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BSA B44 441 Victor Gallery

The BSA 441 Victor, or Victim, depending on who you are, was introduced in 1966 to capitalize on the BSA that Jeff Smith won two back-to-back world championships.

Realizing that to produce a true race replica of Smith’s bike would put BSA into more dire financial straights, the boys at Birmingham did the next best thing: they produced a motorcycle that looked like the factory MX bike, but shared none of its winning attributes, such as handling, reliability or light weight.

One thing it did share with the factory race bike was power. The production 441 was fast, but that motor was housed in a 320-pound package that flexed, bounced and tank-slapped its way from one near disaster to another. Forks and shocks were straight from the “street” department of BSA, and had the dubious distinction of blowing seals, sacking springs and other nonsense that didn’t endear themselves to going fast in the dirt. Rear shocks were street Girlings that would fade on a busy bar room door, and had a true operational life span of around 2 hours.

It took a mighty leg to start the Victor, and BSA saw fit to use a valve-lifting mechanism that would sometimes stick, and wreck the top end. The points wore like an eraser, with the points cam supported by a tiny bronze bushing that BSA offered no replacement for. If it wore out, you had to machine one from scratch. Electrics were handled by Lucas, with the fabled Zeiner Diode/Alternator set up that caused more cursing than a Bosuns Mate Chief with his crank stuck in the zipper of his khakis. But wait, there’s more…...With no air-box to speak of, large mice could walk through the air cleaner without bumping their heads, but the paper filter and devious path the air had to take strangled the motor.

A rather short wheelbase of 52 inches made handling at speed nervous, and a whole aftermarket industry sprung up around the Victor to make it handle within reason.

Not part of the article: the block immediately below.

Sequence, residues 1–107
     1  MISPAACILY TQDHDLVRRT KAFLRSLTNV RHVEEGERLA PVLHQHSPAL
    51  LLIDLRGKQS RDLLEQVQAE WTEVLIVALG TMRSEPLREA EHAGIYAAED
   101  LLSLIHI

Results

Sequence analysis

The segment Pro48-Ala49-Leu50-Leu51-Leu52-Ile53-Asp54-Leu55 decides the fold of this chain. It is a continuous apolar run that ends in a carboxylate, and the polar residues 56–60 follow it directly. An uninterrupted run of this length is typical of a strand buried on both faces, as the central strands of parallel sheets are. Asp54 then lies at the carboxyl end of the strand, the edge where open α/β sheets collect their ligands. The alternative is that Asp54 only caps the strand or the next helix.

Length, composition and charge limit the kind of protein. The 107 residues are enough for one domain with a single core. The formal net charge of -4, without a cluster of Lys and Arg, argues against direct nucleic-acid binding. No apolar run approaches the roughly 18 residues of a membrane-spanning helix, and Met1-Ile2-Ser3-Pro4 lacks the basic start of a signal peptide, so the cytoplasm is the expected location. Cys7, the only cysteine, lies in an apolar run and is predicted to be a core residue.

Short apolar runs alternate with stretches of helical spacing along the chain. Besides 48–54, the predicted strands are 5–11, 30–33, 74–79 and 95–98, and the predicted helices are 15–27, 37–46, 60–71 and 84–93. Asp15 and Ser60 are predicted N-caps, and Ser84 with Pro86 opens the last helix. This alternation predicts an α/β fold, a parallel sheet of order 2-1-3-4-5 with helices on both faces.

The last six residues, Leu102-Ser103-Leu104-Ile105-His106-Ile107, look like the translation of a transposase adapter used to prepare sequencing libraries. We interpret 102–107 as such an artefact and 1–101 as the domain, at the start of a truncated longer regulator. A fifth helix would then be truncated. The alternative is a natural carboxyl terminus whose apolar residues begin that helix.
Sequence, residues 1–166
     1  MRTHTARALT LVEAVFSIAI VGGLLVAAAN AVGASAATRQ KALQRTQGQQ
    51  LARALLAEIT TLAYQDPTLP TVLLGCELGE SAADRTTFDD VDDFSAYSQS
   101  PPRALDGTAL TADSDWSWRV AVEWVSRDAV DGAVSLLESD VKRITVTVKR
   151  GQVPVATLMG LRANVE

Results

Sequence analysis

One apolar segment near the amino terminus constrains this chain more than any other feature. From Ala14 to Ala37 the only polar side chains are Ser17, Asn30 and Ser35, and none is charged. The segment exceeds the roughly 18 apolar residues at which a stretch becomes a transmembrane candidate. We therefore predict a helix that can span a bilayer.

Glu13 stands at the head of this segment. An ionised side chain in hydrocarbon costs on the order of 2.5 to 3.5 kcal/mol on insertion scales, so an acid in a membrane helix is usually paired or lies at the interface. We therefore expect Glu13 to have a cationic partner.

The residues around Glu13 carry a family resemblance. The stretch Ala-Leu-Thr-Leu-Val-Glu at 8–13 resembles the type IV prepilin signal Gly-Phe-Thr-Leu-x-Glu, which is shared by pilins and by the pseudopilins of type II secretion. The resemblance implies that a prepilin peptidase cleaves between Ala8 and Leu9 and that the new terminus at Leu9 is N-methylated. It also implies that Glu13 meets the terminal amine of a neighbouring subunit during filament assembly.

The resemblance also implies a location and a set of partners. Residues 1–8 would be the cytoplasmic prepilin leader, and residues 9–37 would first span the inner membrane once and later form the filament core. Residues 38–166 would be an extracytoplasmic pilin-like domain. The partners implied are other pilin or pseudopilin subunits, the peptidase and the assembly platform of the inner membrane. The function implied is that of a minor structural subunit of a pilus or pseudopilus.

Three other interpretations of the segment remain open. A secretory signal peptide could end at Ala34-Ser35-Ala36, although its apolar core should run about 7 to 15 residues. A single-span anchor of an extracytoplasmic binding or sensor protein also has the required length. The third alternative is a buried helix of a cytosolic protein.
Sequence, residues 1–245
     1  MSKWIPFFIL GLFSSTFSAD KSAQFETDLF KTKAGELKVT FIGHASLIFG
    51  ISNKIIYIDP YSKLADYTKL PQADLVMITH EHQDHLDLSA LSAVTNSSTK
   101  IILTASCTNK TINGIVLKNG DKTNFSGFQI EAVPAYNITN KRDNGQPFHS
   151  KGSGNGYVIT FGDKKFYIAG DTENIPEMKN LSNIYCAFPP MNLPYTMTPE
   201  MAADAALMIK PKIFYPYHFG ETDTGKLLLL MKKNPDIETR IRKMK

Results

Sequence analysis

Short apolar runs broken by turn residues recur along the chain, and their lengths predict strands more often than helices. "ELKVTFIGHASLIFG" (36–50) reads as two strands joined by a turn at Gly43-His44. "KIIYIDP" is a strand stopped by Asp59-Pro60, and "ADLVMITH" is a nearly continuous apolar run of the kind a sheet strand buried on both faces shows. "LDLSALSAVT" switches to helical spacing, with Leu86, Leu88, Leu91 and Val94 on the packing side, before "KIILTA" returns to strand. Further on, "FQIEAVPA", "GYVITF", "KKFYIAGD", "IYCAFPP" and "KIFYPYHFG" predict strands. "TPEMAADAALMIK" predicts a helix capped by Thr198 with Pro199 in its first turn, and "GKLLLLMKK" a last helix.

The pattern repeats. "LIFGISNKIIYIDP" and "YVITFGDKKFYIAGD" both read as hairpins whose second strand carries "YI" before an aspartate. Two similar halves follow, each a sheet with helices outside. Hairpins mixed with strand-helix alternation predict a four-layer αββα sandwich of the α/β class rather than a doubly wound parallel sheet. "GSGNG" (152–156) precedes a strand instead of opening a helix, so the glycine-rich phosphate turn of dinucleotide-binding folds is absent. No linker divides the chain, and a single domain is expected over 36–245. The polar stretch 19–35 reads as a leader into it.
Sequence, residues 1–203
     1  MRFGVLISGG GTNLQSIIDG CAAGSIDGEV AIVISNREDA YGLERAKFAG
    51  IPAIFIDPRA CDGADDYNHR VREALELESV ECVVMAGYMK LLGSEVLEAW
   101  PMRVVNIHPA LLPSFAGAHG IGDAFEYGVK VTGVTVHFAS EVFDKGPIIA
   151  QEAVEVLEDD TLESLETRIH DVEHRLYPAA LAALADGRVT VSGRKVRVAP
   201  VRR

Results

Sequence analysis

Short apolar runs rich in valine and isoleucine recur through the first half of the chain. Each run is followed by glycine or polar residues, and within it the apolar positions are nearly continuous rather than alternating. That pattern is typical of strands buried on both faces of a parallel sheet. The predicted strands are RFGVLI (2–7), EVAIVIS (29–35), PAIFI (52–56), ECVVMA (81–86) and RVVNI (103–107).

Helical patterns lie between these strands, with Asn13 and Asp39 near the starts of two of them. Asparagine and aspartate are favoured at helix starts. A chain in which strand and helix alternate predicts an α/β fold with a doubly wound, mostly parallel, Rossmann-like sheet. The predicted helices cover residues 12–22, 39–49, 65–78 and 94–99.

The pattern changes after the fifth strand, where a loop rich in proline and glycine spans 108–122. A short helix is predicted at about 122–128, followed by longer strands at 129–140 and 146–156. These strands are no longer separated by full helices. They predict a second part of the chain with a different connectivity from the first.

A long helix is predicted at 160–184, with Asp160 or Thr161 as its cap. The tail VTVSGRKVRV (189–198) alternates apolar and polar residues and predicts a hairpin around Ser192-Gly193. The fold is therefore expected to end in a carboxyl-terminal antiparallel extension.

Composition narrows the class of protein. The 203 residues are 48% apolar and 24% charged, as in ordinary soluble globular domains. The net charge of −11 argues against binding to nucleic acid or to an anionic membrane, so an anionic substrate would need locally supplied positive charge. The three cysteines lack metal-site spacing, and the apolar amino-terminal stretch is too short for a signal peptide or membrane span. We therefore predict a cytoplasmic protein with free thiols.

One could spend hundreds of 1970 dollars on new swing arms, shocks, forks, frames, etc. and still have a motorcycle that no one wanted. Resale value was a joke, and back in the day one of these tricked out Victors could be had for three hundred dollars all day long.

A British 32mm Amal monobloc or concentric carb dealt with the mixing chores, and proved to be a pain, with floats sticking and slides breaking and getting themselves ingested into motors. The usual Amal stuff.

Bike Image Description
1967 BSA Victor 441 1967 BSA Victor 441 The BSA 441 Victor was only produced for four years, and was the last of a dying breed. The boys at Birmingham never thought their beloved double-knockers and long stroke singles would be surpassed by anything from Japan, and scoffed in their ale when Honda or Yamaha was even mentioned. Sadly, it was on bikes like the Victor that most of us cut our teeth on, and why the Japanese took over the industry so quickly.
1967 BSA Victor 441 BSA 441 Victor  
1967 BSA B44 Victor Special 1967 BSA B44 Victor Special BSA B44, more info..
1968 BSA B44 Victor 441 Enduro BSA B44 Victor 441 Enduro  
1969 BSA Victor Special AHRMA BSA Victor Special 1969 AHRMA Air cooled, four stroke, single cylinder, OHV, 2 valve per cylinder.
1969 BSA 441 Victor single 1969 BSA 441 Victor single
1970 BSA Victor Special BSA Victor Special B441 Trials Outfit.

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